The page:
In my opinion, when Secretary Rice performed for the Queen, she relegated herself to a second-class status un-befitting a woman of her position. When the American Colonies declared their independence from Britain in 1776, colonists ceased to be subjects of the British crown, therefore it was unseemly for Secretary Rice to serve in such a capacity.

The reigning monarch has nothing more than ceremonial command over what’s left of the British Empire, and Condoleezza Rice has more power than the entire royal family put together. So why, then would the Secretary of State deign to perform for the Queen? The royals, while colorful and interesting, are an anachronistic relic of the past. When Princess Diana began dating Dodi Al Fayed, Elizabeth is reported to have said: “She’s dating an Egyptian? We used to own them.” (2)

Was it some Eurocentric fantasy gone horribly wrong? Did Condoleezza believe that the performance would somehow persuade the Queen as to her ‘equality’? Was the performance aimed at garnering some additional status or prestige that her own position and talent hasn’t yet wrought?

I don’t want to sound harsh or mean-spirited. I have my own fascination with the British monarchy, and it’s human nature to want the acceptance and prestige of affiliation with the elite, whomever they may be. In America, however, true status should be conferred by hard work, character, merit, achievement, and education. By putting on a show for her majesty, Secretary Rice made a minor mockery of the dignity our freedom demands.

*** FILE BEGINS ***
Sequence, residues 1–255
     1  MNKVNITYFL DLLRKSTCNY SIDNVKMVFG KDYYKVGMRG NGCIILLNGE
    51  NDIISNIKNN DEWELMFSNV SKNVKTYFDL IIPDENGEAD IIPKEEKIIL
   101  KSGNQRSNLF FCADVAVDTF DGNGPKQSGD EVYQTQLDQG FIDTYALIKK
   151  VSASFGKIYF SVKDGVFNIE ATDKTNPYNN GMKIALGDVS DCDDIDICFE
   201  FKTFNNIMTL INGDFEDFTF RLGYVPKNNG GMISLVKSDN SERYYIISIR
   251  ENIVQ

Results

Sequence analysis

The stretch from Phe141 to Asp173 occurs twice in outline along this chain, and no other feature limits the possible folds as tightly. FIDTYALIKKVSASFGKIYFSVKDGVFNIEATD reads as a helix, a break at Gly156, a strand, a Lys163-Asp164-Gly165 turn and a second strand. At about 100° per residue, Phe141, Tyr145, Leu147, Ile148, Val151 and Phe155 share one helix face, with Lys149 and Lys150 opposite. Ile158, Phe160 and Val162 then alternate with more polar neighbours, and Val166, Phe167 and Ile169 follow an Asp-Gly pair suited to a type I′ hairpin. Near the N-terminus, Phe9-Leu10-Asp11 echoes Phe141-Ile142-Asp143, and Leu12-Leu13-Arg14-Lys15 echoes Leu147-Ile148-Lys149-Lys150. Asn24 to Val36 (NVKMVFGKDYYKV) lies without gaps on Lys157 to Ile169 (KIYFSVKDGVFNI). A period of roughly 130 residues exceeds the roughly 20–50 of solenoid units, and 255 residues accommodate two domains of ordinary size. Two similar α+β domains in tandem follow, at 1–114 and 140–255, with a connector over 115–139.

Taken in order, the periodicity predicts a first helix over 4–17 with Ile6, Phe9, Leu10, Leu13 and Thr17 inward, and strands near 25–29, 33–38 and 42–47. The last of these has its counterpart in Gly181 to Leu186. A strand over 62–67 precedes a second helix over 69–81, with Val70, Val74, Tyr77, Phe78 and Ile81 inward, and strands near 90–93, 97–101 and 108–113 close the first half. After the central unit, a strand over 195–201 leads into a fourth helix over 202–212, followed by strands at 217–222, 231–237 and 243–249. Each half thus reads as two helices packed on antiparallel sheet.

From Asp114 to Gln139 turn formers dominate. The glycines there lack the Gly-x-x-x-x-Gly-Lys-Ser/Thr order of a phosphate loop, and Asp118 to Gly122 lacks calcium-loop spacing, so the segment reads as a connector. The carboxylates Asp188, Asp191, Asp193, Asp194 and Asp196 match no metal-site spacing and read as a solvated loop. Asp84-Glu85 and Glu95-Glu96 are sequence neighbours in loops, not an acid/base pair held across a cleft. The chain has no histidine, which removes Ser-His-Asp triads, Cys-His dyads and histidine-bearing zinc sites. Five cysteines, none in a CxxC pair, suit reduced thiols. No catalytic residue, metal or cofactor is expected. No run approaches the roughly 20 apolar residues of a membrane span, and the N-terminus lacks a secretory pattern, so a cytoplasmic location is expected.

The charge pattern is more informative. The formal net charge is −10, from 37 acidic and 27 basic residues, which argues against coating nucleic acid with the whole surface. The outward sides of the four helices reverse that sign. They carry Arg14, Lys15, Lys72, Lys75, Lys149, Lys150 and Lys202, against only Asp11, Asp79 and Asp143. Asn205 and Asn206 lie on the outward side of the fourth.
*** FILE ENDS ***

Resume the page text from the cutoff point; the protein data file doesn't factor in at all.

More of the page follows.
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1. From Wikipedia, the free encyclopedia
2. From Wikipedia, the free encyclopedia Continue reading

Faith of Our Fathers

I feel afraid.

I want to write about the fact that Barack Obama’s candidacy for President is an opportunity to honor the very last message uttered publicly by Dr. Martin Luther King:

“Let us stand with a greater determination. And let us move on in these powerful days, these days of challenge to make America what it ought to be. We have an opportunity to make America a better nation. And I want to thank God, once more, for allowing me to be here with you.”

Martin Luther King, Jr., Mason Temple Memphis, Tennessee, April 3, 1968

Dr. King was assassinated approximately 24 hours after he uttered these words.

I want to write about Americas’ promise and the ripeness of this moment to fullfill part of our human destiny and ascend beyond divisions and group differences. I want to write about each person’s love for their fellow man and the inherent goodness that God has bestowed on each of us. I want to expound on the creative solutions to the economic crisis that America will devise in the future. Unfortunately, creeping nihilism, mixed with my usual angst have conspired to force me to confront a monstrous truth. There is still a deep, long vein of racial hatred in this country.